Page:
Invasive ductal carcinoma was the most frequent histological subtype identified for the BLBCs in this study (76.59%), in accordance with the literature [7, 10, 27, 28]. Although basal-like tumors were usually shown to have worse prognosis [4, 16], several studies have also revealed that carcinomas known to have a good prognosis, such as invasive lobular carcinoma, adenoid cystic carcinoma and tubular carcinomas, may also show basal-like phenotype [2931]. Most of the medullary carcinomas with their favourable outcome, also, had basal-like phenotype with both GEP and immunohistochemistry [3234]. The incidence of metaplastic carcinomas showing basal-like features ranges from 75 to 95% in the literature [27, 35, 36]. In this study, none of the invasive lobular carcinoma and tubular carcinoma cases was BLBC, but all of the medullary carcinomas (100%) and 56% of the metaplastic carcinomas had basal-like immunophenotype. A pleomorphic carcinoma was also classified as BLBC according to IHC results.

In two studies, using GEP, average age of basal-like carcinomas was detected as 46 and 59 years, respectively [7, 37]. In this study, the youngest patient with BLBC was 19 and the oldest was 78 years old. We observed that BLBCs were seen in slightly younger patients compared to NBBCs (49.3 versus 53.3 years, p=0.04).

Tumor size, lymph node metastasis, local invasion are important prognostic factors for breast carcinomas. In most of the studies, it has been shown that BLBCs had larger tumor size and a tendency for visceral metastases instead of lymph node metastases [27, 28, 3844]. However, contradictory observations were also present [9, 37, 45]. In this study, the size of BLBCs was ranged from 1 to 8 cm, with an average of 2.8 cm, with no difference from NBBCs (p=0.47). Lymph node metastasis rate for BLBCs and NBBCs were similar (54.6% versus 56.4%, respectively, p=0.51).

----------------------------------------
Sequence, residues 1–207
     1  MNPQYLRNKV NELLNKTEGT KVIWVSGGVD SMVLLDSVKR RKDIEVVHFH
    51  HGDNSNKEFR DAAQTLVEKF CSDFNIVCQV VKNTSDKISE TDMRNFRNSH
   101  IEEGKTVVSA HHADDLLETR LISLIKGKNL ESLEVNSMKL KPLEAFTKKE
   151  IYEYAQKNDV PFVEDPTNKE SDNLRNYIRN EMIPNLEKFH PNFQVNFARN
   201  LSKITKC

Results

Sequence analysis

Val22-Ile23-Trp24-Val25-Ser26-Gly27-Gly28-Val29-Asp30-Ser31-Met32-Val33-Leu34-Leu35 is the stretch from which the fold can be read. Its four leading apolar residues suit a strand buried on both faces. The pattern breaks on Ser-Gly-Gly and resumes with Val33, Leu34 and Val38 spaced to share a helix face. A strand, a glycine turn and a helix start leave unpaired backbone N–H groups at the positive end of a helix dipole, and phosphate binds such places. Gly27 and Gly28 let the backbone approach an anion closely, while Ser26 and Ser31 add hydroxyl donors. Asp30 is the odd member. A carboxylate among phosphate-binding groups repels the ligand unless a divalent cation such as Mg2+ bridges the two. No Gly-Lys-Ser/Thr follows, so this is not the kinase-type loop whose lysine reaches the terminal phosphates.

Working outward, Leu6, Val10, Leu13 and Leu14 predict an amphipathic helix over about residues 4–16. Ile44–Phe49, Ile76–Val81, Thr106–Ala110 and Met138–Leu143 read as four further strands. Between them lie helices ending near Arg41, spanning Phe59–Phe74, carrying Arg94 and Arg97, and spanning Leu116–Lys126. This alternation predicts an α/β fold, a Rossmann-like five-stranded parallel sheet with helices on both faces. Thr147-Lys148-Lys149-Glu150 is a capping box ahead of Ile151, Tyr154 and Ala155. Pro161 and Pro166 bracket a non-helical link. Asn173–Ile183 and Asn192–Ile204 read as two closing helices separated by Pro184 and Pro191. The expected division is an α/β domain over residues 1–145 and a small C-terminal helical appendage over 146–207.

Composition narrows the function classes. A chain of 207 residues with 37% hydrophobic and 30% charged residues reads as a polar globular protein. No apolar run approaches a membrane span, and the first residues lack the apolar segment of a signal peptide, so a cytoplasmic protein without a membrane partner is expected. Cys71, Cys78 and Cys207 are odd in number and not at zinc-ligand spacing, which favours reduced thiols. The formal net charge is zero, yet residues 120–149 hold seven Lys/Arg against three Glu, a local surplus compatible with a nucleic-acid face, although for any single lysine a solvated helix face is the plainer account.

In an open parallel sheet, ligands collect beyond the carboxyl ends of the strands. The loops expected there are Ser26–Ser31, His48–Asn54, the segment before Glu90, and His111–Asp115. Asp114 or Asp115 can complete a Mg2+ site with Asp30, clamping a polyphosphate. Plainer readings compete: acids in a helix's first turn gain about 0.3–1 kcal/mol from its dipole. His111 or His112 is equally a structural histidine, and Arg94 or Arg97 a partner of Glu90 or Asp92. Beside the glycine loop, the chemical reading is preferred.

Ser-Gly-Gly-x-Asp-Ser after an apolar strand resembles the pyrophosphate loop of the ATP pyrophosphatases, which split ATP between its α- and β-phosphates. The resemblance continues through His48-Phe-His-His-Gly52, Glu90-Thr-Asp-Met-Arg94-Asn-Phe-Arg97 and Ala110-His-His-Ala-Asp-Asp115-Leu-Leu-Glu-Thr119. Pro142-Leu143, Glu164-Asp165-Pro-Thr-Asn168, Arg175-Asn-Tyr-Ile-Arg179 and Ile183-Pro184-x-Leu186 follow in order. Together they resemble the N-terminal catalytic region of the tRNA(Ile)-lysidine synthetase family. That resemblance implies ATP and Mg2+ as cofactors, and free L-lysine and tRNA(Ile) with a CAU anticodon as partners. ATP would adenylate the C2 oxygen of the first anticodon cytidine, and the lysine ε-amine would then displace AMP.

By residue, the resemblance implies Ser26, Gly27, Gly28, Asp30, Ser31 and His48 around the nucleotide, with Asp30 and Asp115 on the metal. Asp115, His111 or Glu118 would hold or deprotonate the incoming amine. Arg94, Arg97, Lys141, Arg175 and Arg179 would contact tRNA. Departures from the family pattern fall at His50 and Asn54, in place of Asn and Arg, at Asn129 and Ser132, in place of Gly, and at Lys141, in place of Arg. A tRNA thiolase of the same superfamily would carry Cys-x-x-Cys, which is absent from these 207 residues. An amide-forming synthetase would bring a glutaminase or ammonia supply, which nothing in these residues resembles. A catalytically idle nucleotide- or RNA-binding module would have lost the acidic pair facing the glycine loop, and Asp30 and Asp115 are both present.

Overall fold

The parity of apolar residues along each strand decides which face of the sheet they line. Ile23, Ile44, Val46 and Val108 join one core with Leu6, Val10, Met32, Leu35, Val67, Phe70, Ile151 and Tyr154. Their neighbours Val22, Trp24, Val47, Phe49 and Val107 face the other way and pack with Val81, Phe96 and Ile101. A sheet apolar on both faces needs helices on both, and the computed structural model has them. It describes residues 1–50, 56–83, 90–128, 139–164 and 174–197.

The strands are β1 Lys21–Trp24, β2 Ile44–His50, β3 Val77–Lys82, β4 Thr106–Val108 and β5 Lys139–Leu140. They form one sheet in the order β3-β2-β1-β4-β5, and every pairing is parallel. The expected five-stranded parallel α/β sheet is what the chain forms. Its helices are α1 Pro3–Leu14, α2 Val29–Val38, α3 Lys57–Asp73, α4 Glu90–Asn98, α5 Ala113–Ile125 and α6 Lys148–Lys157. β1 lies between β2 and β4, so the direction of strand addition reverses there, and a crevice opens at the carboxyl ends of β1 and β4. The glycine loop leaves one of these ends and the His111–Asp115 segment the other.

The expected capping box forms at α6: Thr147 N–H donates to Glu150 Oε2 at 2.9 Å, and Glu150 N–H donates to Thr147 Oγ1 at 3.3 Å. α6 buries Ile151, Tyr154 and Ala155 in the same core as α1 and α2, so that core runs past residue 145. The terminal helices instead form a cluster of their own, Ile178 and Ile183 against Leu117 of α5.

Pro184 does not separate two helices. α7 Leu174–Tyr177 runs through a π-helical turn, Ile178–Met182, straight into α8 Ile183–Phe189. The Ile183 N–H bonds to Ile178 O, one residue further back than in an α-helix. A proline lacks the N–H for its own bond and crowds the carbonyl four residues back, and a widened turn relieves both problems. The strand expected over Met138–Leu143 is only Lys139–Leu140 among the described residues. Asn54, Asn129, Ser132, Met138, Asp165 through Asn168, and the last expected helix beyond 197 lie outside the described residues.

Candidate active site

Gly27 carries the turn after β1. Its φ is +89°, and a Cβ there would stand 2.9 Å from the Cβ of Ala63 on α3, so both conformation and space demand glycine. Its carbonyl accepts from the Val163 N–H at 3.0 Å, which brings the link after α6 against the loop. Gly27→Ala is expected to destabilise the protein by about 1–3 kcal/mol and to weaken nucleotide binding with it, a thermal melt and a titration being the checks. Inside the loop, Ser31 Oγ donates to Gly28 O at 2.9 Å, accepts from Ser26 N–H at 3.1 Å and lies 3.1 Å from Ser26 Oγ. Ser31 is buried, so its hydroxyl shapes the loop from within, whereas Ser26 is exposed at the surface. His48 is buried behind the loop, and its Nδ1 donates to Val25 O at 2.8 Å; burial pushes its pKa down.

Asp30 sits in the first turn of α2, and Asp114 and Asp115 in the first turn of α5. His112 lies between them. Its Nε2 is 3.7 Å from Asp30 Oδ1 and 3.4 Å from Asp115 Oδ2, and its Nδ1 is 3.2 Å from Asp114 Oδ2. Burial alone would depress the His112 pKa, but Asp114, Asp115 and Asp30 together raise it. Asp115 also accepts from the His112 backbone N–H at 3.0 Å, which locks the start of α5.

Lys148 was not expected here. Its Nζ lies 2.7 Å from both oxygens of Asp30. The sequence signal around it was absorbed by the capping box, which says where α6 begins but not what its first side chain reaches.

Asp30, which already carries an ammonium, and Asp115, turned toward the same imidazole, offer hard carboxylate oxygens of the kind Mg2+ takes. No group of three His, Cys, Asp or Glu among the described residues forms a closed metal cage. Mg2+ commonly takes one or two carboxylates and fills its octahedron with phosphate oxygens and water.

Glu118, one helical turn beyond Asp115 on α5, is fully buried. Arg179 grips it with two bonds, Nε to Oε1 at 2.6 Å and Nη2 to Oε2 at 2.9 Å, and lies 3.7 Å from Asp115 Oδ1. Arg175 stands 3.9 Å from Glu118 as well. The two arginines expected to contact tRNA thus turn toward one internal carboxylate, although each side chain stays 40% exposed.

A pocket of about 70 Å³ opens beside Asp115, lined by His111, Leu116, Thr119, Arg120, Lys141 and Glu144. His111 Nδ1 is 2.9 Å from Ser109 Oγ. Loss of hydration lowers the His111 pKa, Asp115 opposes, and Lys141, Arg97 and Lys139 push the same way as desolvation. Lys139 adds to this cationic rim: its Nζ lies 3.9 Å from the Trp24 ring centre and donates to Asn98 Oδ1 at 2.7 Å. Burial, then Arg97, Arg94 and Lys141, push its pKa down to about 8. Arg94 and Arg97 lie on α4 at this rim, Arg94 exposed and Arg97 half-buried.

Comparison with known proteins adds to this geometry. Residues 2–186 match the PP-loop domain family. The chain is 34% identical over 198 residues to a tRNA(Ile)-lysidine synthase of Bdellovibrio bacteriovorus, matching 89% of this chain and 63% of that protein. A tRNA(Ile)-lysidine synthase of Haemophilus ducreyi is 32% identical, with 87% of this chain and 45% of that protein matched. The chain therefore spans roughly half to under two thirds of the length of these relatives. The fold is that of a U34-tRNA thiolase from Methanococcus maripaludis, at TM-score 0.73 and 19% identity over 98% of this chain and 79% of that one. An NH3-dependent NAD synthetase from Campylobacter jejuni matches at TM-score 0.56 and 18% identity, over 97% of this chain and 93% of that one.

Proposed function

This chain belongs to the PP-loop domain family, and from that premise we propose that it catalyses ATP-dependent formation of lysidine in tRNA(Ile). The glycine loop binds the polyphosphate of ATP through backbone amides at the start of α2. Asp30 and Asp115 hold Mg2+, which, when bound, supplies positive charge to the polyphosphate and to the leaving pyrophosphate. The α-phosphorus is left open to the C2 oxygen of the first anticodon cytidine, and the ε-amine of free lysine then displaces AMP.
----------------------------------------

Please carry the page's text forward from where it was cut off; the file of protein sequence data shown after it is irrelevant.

Identification of multifocality or bilaterality in breast carcinomas is not uncommon [46, 47]. Patients with multiple tumor foci display higher incidence of lymph node positivity than unifocal tumors [46, 48]. Tot et al. found that basal-like carcinomas and basal keratin positive breast tumors are often multifocal (28% and 48%, respectively) [48]. There is only one study that investigated the relationship between bilateral breast carcinomas and molecular subtypes and found that basal-like tumors are frequently discordant with their contra lateral counterparts [47]. Another study showed that contra lateral breast cancer occurred in 25% of recurrences of basal-like tumors [49]. In this study, among 468 patients, 13 had bilateral breast carcinomas, containing 11 synchronous and 2 metachronous tumors; and another 15 patients had multifocal tumor foci in the same breast. In 2 synchronous bilateral breast carcinomas, there were discordance between tumor pairs; one side had basal-like immunophenotype while the contra laterals did not. One of these NBBCs was ER and PR positive, while the other one was TN, and both of them did not express basal keratins, EGFR or vimentin. Two patients with more than one tumor foci in the ipsilateral breast had multifocal BLBC. One of these patients had 4 foci, 2 of which were BLBCs while the other two were TN carcinomas without expression of basal keratins, EGFR or vimentin. Other patient had 2 tumor foci and both were BLBCs. Despite of same hormonal and environmental influences on the ipsilateral and/or contralateral breast, this heterogeneity may support a stem cell hypothesis on carcinogenesis in which continuing mutations may result in development of different types of carcinomas. We believe that studies in which stem cell surface markers are being investigated should be constructed to highlight this issue.

The typical histological appearance of BLBCs has been reported to be a circumscribed, solid lesion with pushing border and a large central ‘geographic’ necrosis or sclerosis. They have nuclear pleomorphism with high histological grade and high mitotic rate (usually more than 40–45 mitosis per 10 HPFs), consistent with their aggressive behavior [7, 9, 10, 27, 28, 37, 50]. Other common morphological features are stromal lymphocytic response, tumor cells with high nucleus to cytoplasmic ratio, vesicular chromatin and prominent nucleoli [9, 10, 23, 42, 45].